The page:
Home Blogs Asian Chemical Connections China’s PP imports in 2021 could fall by as much as 53% over last year

China’s PP imports in 2021 could fall by as much as 53% over last year

Business, China, Company Strategy, Economics, Europe, European economy, European petrochemicals, Fibre Intermediates, India, Indonesia, Japan, Malaysia, Middle East, Naphtha & other feedstocks, Oil & Gas, Olefins, Polyolefins, Singapore, South Korea, Styrenics, Taiwan, Thailand, US
By John Richardson on 21-Feb-2021

By John Richardson

TODAY I get closer to completing my outlooks for China’s petrochemical and polymer imports in 2021 by analysing what might happen in polypropylene (PP). Later this week or next week I will complete the picture by looking at styrene monomer.

Previously, I examined polyethylene (PE), where this year there is very little to worry about from an exporter’s perspective. High-density PE imports look set to decline this year compared with 2020, but far from disastrously so. Low-density PE and linear low-density PE imports could even increase.

It is very different story in paraxylene (PX) where 2021 imports might fall by as much as 58% over last year. Ethylene glycols (EG) imports may end up being 45% lower. I have long been forecasting a collapse in PX imports. But until last week I hadn’t anticipated a big fall in EG imports. Our latest data on EG show very aggressive expansion of Chinese capacity.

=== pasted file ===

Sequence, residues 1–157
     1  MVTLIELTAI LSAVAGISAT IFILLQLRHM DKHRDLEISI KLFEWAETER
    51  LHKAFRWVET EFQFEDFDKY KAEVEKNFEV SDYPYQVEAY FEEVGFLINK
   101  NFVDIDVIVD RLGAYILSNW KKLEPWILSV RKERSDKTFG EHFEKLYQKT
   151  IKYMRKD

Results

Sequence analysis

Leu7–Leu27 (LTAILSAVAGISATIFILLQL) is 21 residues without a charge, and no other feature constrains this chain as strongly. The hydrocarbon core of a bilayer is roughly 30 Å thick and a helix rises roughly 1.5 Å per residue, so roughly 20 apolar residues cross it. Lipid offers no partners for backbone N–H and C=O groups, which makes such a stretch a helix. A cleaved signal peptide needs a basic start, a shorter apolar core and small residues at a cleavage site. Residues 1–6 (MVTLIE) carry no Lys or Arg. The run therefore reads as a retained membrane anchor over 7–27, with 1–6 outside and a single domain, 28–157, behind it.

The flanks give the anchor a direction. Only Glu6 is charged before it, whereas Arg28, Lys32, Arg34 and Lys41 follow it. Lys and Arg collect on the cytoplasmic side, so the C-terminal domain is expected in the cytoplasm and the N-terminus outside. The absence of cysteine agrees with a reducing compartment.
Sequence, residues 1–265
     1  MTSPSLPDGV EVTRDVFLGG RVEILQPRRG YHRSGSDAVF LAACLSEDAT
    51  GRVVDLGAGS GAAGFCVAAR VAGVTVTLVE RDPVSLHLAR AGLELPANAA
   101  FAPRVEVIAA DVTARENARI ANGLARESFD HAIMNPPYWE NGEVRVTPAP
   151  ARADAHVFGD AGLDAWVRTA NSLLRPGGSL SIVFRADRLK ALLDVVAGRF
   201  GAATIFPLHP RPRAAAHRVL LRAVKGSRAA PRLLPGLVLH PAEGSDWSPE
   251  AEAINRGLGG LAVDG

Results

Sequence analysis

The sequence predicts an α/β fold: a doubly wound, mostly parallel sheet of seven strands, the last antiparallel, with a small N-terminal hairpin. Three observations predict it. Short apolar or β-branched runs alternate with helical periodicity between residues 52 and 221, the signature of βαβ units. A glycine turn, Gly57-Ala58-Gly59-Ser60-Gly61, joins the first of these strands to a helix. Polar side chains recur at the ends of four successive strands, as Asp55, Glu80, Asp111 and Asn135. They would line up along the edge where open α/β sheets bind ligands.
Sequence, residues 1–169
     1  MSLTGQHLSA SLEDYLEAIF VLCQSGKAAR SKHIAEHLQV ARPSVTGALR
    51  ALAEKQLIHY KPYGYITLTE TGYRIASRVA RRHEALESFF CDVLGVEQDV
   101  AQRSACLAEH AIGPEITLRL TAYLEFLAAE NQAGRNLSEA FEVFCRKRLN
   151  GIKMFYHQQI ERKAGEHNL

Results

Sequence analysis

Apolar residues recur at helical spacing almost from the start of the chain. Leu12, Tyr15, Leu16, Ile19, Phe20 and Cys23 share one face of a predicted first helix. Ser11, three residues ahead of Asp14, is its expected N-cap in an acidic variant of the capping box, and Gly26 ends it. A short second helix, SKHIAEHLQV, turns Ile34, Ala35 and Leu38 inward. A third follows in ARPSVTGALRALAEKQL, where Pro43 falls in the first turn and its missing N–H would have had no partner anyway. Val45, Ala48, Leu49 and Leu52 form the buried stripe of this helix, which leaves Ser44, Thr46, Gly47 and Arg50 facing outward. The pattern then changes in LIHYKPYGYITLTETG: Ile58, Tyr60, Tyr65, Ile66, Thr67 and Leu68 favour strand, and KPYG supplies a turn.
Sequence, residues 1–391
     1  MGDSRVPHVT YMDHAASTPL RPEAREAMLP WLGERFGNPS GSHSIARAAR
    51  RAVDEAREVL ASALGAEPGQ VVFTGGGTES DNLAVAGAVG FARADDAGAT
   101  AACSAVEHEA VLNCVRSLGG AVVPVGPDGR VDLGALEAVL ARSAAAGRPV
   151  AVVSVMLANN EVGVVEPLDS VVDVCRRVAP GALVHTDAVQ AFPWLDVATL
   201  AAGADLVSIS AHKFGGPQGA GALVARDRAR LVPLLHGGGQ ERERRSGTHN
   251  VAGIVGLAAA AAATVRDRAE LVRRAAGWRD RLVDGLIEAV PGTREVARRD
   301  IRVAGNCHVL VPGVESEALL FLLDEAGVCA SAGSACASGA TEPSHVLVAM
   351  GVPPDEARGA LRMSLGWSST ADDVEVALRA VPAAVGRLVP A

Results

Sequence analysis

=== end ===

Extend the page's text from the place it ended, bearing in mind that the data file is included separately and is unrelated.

For the above products, I have provided overall estimates of declines in imports under two different operating-rate scenarios – and what each of the scenarios would mean for Chinese imports from its top ten trading partners. This was based on the trading partners winning the same market shares of total Chinese imports in 2021 and they did last year. I use the same approach for PP below.

This year’s PP imports could fall to just 3.1m tonnes from 6.6m tonnes in 2020

As with PX and EG, the collapse in in PP imports has been a long time coming. We can trace the routes of   declines in petrochemical imports to 2014, when Beijing decided to push more aggressively towards self-sufficiency. There are two reasons for this push:

  1. China’s existential need to escape its middle-income trap. Petrochemicals is a higher value-added industry, especially when you go further downstream into polymers such as PP. China must substantially raise the value-add of its manufacturing industry to economically justify higher wages resulting from its middle-income trap. And remember that China has fallen into its middle-income trap at a relatively early stage in its economic development because of a rapid ageing of its population.
  2. A more recent motive for the push towards self-sufficiency is China’s split with the US. In a very uncertain geopolitical world, China feels it cannot afford to be too dependent on imports of anything.

The obvious question is “Why is PP so much closer to self-sufficiency than PE?” The answer is you can make propylene feedstock in more ways than you can make ethylene feedstock.

Propylene can be derived from steam cracking, propane dehydrogenation (PDH) plants, refineries and the methanol-to-olefins (via imported methanol) and coal-to-olefins processes; ethylene can only be produced on a big commercial scale from steam crackers, methanol-to-olefins and coal-to-olefins.

Illustrating this wider range of propylene production roots, China had no PDH-based propylene capacity as recently as 2012.